How Should You Decide On Your Funding Goal?

This is one of those important, make-or-break questions you must ask yourself.

A funding goal that is set too high could mean you risking months of hard work and walking away without any capital, if you are using a ‘fixed funding’ campaign.

On the other hand, a goal set too low or wrongly could mean that you will have to foot additional campaign costs out of your own pocket, a costly move you don’t want to make.

Before you decide on a funding figure, here are three battle-tested, recommendations I’ll make:

  1. Start by totalling all project and reward fulfilment costs
  2. Budget for more money than you think you’ll need
  3. Always set your funding goal lower than what you need

**1. Start By Totalling All Project and Reward Fulfilment Costs**

Let me be honest: I hated accounting when I studied it back in school.

But as I started doing my own businesses, I realised how important it was to be able to account for costs.

Otherwise, your costs will spiral quickly out of control.

If you could do a quick survey of all crowdfunding campaigns out there, you’ll be amazed at how so many crowdfunding campaigns out there do a poor job with their accounting basics.

Recently, I came across a video game crowdfunding campaign that asked for a funding figure of $30,000, and its creator substantiated its figure only with percentage breakdowns.

But there were no hard figures to substantiate why they needed that sum of money.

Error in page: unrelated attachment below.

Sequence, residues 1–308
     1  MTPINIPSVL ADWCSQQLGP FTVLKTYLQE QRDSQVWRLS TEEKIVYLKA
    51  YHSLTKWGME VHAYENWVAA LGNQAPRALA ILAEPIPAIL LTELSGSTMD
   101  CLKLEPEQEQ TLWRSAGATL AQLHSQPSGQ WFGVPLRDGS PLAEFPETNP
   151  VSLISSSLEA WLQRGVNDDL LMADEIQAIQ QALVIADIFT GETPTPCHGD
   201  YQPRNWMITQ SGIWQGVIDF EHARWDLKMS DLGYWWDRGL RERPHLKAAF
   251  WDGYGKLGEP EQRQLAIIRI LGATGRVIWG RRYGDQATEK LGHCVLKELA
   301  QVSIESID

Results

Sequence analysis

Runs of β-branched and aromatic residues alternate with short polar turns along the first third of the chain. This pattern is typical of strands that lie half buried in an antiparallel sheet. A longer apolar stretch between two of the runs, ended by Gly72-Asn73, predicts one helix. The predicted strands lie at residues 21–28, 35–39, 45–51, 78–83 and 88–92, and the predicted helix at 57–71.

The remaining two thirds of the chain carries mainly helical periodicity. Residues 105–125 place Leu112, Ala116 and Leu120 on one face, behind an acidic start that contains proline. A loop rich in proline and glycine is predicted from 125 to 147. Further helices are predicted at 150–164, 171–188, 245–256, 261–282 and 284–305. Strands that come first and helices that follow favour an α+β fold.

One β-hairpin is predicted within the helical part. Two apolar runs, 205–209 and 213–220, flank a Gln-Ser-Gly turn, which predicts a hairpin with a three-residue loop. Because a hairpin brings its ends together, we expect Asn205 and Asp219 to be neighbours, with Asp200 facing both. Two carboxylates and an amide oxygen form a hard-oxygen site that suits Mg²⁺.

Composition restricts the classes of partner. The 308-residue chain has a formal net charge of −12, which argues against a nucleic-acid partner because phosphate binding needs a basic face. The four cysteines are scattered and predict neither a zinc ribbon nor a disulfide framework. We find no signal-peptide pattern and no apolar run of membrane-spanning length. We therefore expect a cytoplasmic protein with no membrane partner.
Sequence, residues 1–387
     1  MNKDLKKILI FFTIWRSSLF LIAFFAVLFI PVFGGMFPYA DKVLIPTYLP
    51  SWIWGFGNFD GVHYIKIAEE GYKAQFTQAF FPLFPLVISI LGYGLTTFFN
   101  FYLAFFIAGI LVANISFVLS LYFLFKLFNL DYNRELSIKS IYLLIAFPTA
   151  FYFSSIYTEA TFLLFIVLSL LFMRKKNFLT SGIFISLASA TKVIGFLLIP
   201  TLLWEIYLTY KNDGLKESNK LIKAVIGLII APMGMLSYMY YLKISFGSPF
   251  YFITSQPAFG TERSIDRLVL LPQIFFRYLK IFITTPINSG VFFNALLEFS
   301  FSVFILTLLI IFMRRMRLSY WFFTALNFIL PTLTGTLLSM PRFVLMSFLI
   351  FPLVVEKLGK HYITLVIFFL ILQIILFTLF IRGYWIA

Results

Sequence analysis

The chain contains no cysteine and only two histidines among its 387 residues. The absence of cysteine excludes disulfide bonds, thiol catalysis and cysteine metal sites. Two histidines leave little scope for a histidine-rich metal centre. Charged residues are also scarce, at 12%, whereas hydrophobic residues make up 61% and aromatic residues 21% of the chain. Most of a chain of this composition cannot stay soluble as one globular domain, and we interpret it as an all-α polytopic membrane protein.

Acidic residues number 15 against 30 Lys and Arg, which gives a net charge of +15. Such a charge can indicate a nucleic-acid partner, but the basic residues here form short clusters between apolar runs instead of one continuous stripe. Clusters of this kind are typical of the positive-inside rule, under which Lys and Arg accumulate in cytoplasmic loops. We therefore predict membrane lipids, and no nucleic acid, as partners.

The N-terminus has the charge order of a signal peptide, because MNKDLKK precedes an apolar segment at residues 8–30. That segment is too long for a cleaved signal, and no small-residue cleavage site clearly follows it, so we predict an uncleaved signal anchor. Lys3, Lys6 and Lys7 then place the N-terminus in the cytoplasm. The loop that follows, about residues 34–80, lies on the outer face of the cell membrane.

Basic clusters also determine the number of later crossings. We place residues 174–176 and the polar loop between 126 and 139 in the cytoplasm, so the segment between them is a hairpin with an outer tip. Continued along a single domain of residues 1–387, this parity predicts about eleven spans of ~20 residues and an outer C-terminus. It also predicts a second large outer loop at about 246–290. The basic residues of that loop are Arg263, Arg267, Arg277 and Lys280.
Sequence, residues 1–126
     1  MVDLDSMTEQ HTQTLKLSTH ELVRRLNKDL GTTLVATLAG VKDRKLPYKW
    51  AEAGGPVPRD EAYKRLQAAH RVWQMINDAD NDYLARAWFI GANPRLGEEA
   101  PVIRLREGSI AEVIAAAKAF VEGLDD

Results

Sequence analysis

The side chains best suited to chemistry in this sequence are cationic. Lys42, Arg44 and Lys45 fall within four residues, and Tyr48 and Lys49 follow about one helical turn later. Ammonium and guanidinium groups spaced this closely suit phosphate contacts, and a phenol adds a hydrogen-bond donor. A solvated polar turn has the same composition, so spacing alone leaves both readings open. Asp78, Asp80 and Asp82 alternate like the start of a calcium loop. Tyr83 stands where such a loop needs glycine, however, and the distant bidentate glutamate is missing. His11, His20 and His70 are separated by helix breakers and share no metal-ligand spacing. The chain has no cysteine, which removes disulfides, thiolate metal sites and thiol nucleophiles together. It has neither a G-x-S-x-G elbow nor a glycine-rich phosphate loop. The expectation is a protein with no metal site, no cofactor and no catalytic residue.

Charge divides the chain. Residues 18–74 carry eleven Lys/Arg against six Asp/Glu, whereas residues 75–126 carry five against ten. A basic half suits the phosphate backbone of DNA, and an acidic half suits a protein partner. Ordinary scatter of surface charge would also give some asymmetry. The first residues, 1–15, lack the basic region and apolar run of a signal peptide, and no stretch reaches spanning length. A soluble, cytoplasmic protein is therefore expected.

So we’ll start with some accounting basics.

To set your funding goal, you start with the basic costs of your campaign.

Basic costs of your campaign include:

Fixed costs of your project.

This includes the costs of manufacturing your product, building a website, or renting a storefront

Costs of reward perks

Shipping and fulfilment costs

That includes mailing envelopes, parcel boxes, and international shipping fees for backers.

Marketing costs

This includes ad campaigns, Press Release distribution, and event promotion.

Crowdfunding platform costs

The costs can total up to 10% of your funds raised, after including in payment processor fees.

An important note is that Indiegogo charges 9% if you do not hit your funding goals, and 4% if you do.

And if your bank account is based outside the U.S, there is a one time wire transfer fee of $25.

Professional costs.

If you plan on hiring a creative video agency, PR or crowdfunding consultant, you should factor these in too. (*Note: There are plenty of different tiered pricing options out there depending on whether you’re an individual,startup or a full fledged company)

Once you’ve totalled them all, a good safety measure would be to add an additional 20% buffer to your total costs.

Most campaigns tend to overrun their costs due to manufacturing and delivery delays, and the buffer will help absorb those cost overruns.

So: Total Costs = Basic Costs + 20% Cost Overruns Buffer

Use a Spreadsheet

It is recommended to use a spreadsheet to help you list all these costs down easily.

You’ll also be able to forecast the expected number of perks that will be redeemed, and then subtract all the costs outlined in the previous section.

Go detailed and deep here, listing down as many relevant costs as possible that you expect for the campaign.

If you’ve bought the full package of The Crowdfunded Kit, there are ready made spreadsheets that are provided for you to use.

2. Budget For More Money Than You Think You’ll Need

A well funded project is one that raises far more than its funding goal.

But even with the extra funds, the money depletes very quickly as costs mount up.

Some of these costs include manufacturing delays, unforeseen shipping and import customs fees, packaging costs, plus factor in the profit margins that you expect to hit.